Laser-wakefield accelerators for high-resolution X-ray imaging of complex microstructures

Hussein, A. E. and Senabulya, N. and Ma, Y. and Streeter, M. J. V. and Kettle, B. and Dann, S. J. D. and Albert, F. and Bourgeois, N. and Cipiccia, S. and Cole, J. M. and Finlay, O. and Gerstmayr, E. and González, I. Gallardo and Higginbotham, A. and Jaroszynski, D. A. and Falk, K. and Krushelnick, K. and Lemos, N. and Lopes, N. C. and Lumsdon, C. and Lundh, O. and Mangles, S. P. D. and Najmudin, Z. and Rajeev, P. P. and Schlepütz, C. M. and Shahzad, M. and Smid, M. and Spesyvtsev, R. and Symes, D. R. and Vieux, G. and Willingale, L. and Wood, J. C. and Shahani, A. J. and Thomas, A. G. R. (2019) Laser-wakefield accelerators for high-resolution X-ray imaging of complex microstructures. Scientific Reports, 9. 3249. ISSN 2045-2322

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    Abstract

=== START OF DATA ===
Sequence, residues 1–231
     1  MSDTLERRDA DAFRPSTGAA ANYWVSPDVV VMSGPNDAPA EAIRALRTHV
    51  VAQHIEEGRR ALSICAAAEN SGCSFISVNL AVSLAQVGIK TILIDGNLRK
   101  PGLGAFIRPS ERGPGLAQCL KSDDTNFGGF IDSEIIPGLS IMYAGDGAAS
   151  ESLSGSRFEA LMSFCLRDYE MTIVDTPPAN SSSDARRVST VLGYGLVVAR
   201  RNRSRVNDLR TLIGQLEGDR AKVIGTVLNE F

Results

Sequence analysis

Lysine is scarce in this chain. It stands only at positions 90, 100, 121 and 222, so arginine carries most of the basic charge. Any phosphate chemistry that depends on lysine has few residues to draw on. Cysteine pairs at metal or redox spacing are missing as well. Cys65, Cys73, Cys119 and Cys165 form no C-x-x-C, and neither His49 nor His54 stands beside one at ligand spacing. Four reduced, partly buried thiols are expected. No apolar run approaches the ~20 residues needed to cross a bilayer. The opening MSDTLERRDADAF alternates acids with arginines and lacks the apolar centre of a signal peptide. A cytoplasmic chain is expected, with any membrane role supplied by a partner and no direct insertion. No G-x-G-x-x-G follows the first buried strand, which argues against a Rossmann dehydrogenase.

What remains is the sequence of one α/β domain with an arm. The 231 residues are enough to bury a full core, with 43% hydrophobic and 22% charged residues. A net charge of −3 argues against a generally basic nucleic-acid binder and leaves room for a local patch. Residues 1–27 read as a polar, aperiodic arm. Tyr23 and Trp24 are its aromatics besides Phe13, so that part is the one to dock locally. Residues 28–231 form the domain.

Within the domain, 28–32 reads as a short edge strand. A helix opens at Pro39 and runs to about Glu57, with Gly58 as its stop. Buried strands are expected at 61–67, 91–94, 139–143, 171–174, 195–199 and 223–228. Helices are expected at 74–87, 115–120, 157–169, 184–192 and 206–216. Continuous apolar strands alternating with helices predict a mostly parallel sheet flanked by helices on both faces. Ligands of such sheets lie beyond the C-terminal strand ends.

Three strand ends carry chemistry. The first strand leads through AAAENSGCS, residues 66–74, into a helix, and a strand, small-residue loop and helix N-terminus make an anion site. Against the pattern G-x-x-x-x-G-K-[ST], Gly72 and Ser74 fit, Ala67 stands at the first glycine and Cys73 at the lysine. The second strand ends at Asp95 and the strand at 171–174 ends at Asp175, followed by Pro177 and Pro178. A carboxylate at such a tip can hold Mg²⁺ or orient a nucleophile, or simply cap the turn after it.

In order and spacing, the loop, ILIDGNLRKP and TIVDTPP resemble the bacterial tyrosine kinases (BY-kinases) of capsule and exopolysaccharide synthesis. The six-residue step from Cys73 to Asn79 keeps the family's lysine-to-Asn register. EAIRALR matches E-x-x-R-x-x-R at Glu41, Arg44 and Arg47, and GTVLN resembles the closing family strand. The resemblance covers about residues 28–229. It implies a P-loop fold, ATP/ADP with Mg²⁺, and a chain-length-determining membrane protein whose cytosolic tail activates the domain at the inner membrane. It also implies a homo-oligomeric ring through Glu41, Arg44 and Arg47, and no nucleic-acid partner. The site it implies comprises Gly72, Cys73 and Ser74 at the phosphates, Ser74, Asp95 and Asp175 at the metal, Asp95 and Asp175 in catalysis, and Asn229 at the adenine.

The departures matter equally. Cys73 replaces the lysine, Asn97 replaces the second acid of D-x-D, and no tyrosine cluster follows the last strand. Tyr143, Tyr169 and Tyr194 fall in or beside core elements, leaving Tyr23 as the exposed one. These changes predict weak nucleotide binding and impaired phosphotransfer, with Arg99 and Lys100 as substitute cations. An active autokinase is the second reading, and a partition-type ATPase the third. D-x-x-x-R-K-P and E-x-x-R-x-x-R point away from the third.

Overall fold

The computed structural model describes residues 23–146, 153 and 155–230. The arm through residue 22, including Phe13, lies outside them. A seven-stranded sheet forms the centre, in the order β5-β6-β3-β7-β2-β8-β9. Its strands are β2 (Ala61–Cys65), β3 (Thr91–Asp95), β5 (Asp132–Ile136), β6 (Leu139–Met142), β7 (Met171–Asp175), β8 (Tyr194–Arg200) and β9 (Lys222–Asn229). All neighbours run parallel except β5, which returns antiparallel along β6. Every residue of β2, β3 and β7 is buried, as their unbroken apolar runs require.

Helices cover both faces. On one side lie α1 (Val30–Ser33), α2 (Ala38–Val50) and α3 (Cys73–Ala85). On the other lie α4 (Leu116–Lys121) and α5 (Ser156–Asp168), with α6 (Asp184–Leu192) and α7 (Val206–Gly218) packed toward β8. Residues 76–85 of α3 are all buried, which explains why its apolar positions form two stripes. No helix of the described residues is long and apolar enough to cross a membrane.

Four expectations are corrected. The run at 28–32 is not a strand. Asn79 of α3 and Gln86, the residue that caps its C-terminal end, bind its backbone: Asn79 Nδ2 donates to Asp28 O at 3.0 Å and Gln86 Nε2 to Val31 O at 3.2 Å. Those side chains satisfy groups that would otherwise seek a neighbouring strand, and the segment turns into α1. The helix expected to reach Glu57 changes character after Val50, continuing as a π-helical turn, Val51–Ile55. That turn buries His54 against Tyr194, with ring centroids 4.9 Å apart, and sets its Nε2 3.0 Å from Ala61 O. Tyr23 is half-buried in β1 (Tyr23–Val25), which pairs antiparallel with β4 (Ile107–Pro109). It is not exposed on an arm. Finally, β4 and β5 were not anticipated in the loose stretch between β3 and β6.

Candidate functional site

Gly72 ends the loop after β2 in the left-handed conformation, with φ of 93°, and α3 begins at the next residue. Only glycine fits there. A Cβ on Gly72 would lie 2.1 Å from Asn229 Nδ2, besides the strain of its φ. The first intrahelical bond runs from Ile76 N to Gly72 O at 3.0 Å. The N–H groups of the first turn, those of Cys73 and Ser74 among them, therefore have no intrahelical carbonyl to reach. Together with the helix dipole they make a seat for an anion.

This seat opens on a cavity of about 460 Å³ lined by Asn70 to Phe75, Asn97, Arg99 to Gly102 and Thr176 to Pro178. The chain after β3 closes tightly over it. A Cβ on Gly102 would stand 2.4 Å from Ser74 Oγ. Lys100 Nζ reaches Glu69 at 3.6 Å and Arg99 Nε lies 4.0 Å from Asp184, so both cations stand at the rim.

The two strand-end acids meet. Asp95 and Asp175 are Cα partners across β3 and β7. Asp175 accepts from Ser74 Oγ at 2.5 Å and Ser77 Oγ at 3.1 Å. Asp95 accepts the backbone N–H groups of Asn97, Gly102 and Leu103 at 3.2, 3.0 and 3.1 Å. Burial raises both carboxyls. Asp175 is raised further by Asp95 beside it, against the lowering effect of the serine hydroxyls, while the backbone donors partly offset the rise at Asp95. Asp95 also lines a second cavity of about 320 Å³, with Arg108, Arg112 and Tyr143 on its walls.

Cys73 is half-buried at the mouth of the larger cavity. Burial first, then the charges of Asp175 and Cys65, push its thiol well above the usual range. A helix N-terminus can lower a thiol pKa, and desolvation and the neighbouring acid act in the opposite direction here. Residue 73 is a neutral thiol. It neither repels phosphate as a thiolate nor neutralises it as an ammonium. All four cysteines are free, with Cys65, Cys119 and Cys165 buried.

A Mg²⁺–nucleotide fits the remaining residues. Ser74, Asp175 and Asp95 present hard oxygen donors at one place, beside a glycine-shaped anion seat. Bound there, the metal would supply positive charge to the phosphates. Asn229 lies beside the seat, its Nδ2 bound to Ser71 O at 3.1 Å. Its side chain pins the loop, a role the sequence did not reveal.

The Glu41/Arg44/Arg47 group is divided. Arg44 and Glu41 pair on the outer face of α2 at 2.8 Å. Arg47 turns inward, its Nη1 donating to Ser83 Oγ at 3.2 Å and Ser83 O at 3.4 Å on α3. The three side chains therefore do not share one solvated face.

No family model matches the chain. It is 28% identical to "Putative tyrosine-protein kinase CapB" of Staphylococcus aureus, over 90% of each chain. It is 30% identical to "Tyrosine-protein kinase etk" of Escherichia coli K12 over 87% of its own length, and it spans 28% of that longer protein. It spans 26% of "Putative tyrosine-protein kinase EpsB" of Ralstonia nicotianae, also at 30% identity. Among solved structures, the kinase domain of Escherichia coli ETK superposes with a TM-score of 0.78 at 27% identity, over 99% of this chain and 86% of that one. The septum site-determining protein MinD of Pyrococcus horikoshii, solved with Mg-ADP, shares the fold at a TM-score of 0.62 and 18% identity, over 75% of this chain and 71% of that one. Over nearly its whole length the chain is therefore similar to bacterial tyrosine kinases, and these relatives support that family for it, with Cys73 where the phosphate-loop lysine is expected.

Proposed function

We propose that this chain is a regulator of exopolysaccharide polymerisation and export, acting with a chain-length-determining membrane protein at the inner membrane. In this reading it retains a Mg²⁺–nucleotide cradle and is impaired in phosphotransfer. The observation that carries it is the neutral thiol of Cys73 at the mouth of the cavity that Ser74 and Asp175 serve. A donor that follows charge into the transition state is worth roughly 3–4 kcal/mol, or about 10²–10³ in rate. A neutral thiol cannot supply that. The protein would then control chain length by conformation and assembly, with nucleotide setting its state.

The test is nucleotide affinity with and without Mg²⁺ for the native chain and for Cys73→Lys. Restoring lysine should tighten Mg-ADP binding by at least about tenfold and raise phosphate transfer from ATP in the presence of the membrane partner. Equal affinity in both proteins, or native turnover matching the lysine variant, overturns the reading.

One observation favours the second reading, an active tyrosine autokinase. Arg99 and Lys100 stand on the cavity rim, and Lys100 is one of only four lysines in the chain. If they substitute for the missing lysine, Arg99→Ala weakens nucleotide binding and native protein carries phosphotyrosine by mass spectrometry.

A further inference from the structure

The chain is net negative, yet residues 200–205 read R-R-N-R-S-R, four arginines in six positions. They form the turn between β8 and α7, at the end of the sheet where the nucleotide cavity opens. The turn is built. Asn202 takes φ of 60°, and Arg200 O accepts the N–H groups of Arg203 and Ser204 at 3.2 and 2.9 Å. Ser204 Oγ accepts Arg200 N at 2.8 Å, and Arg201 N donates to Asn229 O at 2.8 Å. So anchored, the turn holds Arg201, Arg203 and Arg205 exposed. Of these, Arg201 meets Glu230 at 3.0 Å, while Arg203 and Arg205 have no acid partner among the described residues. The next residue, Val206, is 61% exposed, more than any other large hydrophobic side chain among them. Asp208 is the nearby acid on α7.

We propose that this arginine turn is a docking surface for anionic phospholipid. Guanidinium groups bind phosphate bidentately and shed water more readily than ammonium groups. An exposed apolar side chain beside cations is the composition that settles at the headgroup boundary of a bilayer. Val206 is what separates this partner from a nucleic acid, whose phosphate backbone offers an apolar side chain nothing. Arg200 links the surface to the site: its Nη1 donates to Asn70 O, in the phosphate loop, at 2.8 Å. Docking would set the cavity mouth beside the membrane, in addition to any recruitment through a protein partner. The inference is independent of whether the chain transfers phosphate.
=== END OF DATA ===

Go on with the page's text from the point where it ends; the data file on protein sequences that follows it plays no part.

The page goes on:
Laser-wakefield accelerators (LWFAs) are high acceleration-gradient plasma-based particle accelerators capable of producing ultra-relativistic electron beams. Within the strong focusing fields of the wakefield, accelerated electrons undergo betatron oscillations, emitting a bright pulse of X-rays with a micrometer-scale source size that may be used for imaging applications. Non-destructive X-ray phase contrast imaging and tomography of heterogeneous materials can provide insight into their processing, structure, and performance. To demonstrate the imaging capability of X-rays from an LWFA we have examined an irregular eutectic in the aluminum-silicon (Al-Si) system. The lamellar spacing of the Al-Si eutectic microstructure is on the order of a few micrometers, thus requiring high spatial resolution. We present comparisons between the sharpness and spatial resolution in phase contrast images of this eutectic alloy obtained via X-ray phase contrast imaging at the Swiss Light Source (SLS) synchrotron and X-ray projection microscopy via an LWFA source. An upper bound on the resolving power of 2.7 ± 0.3 μm of the LWFA source in this experiment was measured. These results indicate that betatron X-rays from laser wakefield acceleration can provide an alternative to conventional synchrotron sources for high resolution imaging of eutectics and, more broadly, complex microstructures.